Before you can travel anywhere, you need to make sure you have the proper travel documentation for yourself and your kids. For single parents, this can be a little tricky.
For US domestic travel via car or air, no special documentation beyond the parent’s drivers license should be necessary. As many times as I’ve flown with my son, we’ve never been asked for any proof of identification or age for him. However, if you are traveling to a destination (such as a theme park) where you are expecting to pay a reduced “child’s rate” for tickets or service, you may want to bring a copy of the birth certificate (B.C.). My son looks much older than he actually is, and while his age has never been questioned, I do sometimes travel with a copy of his B.C. or his passport just in case.Similarly, for closed-loop cruises that start and end in the U.S., all you are REQUIRED to bring is a birth certificate for each traveler. Passports are not required in this case (even if you temporarily disembark the ship at a foreign port), however, I would rather travel with a passport since it would be easier to replace than a B.C., should the identification be lost or stolen. Additionally, if you are on a cruise and experience an emergency that requires you to leave the ship, you cannot fly back to the US from a foreign port without a passport. For example, if you are in the Caribbean and experience a medical emergency that requires hospitalization in a foreign country, you would not be able to fly back home without a passport (and the cruise ship isn’t going to wait). Most cruise companies and seasoned travelers strongly recommend that all passengers have a passport when cruising.
To get a passport as a single parent is a little more difficult. The instructions for obtaining a U.S. passport for minors under the age of 16 are here.
If there are two parents on the birth certificate, the U.S. State Department requires that both parents provide consent for the passport to be issued. Preferably, they expect BOTH parents to appear at a designated passport office in person; however, it is recognized that this isn’t always possible. If both parents cannot appear, the absent parent must provide a signed AND notarized Form DS-3053: Statement of Consent, which can be downloaded from the page linked above. The applying parent must bring this signed AND notarized form (along with the other required documentation) to the designated passport office.
The link above also gives information on what to do if it isn’t possible to contact one parent. In those cases, the applying parent must complete DS-5525: Statement of Exigent/Special Family Circumstances and explain in detail why the absent parent is not available. Additionally, you will need to provide legal documentation (court orders, death certificate, incarceration orders, etc.) to document the claim of exigent or special circumstances.
In order to complete the application process, you will have to mail your child’s original B.C. (along with the other required documentation) to the State Department for processing. So, it’s important to do this during a time when you will not need your child’s original B.C. for anything else. It takes about 4-6 weeks for the paperwork to be processed and the B.C. and passport to be mailed to you. If you are planning a trip, I would advise completing this process at least 4-6 months before your departure date, as the State Department does often have delays in processing.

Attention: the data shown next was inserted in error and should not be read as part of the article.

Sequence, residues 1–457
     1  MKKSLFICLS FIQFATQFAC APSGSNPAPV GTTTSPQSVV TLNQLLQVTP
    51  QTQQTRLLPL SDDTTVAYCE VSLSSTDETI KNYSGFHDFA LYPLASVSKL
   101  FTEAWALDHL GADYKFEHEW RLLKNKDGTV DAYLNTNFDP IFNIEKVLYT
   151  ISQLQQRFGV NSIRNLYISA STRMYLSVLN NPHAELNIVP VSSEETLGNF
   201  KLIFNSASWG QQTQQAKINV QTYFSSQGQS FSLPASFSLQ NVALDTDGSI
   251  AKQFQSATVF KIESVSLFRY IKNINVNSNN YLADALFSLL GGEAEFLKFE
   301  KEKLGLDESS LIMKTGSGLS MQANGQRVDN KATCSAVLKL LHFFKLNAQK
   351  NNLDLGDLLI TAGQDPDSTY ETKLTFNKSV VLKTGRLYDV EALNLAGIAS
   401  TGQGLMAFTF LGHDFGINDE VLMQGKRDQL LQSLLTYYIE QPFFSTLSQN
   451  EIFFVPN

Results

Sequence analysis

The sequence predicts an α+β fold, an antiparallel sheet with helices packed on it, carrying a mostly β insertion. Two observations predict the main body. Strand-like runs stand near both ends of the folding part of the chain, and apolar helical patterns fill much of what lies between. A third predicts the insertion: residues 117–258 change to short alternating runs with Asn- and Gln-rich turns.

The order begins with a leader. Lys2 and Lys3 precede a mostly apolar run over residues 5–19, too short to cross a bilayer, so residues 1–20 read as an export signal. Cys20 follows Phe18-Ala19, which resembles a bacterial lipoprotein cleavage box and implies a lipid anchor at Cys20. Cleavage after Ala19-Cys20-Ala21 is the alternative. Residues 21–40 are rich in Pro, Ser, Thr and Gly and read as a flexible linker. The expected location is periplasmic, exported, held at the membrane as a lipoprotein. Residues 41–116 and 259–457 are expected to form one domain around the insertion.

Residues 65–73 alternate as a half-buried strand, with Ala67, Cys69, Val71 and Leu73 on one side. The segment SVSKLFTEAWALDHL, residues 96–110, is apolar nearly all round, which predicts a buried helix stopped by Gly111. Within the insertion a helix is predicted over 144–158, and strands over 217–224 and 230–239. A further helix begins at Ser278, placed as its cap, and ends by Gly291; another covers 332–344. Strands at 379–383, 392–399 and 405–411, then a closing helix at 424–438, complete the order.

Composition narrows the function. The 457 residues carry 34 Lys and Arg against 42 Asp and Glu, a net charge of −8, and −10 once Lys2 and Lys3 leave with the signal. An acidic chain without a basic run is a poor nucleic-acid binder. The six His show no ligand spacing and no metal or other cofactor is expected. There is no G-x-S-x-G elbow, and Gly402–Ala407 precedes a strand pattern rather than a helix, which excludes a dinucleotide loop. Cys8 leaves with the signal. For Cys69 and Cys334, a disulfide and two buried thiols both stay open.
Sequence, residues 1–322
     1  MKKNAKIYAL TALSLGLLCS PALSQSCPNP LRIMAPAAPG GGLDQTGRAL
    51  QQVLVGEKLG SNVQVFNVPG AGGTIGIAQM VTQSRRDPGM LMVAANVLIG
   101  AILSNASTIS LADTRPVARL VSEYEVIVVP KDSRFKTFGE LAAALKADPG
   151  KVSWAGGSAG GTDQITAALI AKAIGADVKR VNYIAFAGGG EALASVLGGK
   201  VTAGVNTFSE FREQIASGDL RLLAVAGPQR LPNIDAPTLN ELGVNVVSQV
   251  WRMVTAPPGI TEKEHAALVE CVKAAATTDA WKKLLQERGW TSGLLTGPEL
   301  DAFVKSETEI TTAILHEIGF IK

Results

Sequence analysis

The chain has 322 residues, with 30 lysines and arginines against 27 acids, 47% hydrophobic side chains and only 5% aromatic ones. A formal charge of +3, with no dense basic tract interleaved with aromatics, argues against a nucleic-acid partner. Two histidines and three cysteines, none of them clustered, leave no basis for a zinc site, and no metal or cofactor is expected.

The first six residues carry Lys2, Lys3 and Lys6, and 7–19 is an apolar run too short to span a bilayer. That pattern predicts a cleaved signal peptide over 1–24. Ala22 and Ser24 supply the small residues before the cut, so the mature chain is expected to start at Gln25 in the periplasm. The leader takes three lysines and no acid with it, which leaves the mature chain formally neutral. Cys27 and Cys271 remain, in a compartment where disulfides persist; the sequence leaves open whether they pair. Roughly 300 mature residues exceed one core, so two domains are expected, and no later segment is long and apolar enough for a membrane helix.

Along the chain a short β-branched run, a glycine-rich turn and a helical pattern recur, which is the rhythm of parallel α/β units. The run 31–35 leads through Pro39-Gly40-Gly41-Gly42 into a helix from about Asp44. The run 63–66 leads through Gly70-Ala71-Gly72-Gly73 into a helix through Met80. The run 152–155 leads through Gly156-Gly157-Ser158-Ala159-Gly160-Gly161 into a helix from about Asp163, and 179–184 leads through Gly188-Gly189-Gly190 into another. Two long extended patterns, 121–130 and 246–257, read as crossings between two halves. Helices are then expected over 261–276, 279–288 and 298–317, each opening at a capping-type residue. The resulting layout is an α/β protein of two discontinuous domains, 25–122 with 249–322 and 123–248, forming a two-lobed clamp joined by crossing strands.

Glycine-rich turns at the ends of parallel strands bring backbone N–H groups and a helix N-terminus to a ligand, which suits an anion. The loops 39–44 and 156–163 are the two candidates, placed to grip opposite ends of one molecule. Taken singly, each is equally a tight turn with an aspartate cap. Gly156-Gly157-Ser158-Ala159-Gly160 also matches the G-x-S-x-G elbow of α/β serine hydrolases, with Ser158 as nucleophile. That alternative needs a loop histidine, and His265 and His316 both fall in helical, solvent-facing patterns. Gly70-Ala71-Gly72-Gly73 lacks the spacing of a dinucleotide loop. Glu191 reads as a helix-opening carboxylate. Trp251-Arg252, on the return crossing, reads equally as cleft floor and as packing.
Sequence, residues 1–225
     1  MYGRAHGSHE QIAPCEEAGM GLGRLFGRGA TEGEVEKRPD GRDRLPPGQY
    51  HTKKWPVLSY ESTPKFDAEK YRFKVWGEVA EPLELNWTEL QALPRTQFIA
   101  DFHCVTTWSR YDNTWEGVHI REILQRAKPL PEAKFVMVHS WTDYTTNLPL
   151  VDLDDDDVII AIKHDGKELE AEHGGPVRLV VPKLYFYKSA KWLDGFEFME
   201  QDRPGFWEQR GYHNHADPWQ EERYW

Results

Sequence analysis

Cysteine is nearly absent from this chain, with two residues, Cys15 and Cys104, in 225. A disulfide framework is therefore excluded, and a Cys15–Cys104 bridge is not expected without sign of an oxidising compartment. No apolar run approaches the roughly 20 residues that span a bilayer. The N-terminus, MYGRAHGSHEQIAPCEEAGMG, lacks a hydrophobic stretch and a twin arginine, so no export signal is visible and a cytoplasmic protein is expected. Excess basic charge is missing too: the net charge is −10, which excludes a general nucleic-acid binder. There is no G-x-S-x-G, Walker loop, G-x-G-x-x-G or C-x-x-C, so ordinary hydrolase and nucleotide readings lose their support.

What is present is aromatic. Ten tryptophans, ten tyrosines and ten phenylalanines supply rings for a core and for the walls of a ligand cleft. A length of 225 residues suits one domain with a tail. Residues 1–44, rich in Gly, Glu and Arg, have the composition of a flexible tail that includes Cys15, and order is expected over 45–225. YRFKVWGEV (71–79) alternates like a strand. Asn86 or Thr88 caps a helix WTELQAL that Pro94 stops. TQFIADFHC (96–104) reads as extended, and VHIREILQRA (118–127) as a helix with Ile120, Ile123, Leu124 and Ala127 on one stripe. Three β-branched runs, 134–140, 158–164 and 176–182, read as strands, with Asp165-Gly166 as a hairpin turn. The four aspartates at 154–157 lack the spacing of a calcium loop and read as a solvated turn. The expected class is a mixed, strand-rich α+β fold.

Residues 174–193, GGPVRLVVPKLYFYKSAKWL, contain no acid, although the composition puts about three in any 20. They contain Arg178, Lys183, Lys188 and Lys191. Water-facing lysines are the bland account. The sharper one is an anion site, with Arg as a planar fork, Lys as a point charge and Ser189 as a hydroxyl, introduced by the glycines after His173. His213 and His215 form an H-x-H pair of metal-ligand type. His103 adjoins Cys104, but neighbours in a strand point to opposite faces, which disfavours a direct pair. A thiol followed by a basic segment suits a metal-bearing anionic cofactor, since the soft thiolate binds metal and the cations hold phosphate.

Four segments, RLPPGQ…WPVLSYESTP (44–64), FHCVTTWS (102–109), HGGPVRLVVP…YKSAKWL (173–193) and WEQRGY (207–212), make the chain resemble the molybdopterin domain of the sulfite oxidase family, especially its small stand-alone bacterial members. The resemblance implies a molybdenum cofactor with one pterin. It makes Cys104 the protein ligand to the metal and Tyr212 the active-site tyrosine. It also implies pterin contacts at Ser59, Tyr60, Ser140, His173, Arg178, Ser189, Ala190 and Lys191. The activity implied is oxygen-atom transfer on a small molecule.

Once you have the passport, there is still additional documentation that may be necessary in order to travel abroad. Most reputable travel companies will recommend that, in addition to a passport, you also travel with a signed AND notarized letter from the absent parent stating that the absent parent is aware of and consents to travel to specific locations on specific dates. While there is no official form letter for this documentation, the U.S. Customs and Border Protection website offers suggestions for content here. If the absent parent cannot provide this letter due to extenuating circumstances, you will need to travel with the documentation that is required with submission of form DS-5525.
As noted on the Customs and Border Protection website there can be pretty serious consequences if a single parent attempts to travel into foreign countries with the child(ren) without permission from the other parent. You may never be asked for this documentation (on our recent trip to Germany, I was not ever asked to show the letter I had from my son’s dad), but again, it is better to be safe than sorry. If you are asked and cannot provide this documentation, it will certainly cause a delay in your travel plans that will cost you both time and money (if it doesn’t torpedo the vacation completely).
If you are a single parent by choice and there is not a second parent on the B.C., then you will likely not need to submit any additional information when applying for the passport. However, it is strongly recommended that you bring both the child’s passport AND B.C. when traveling internationally, in case you are asked to show proof that the child only has one parent.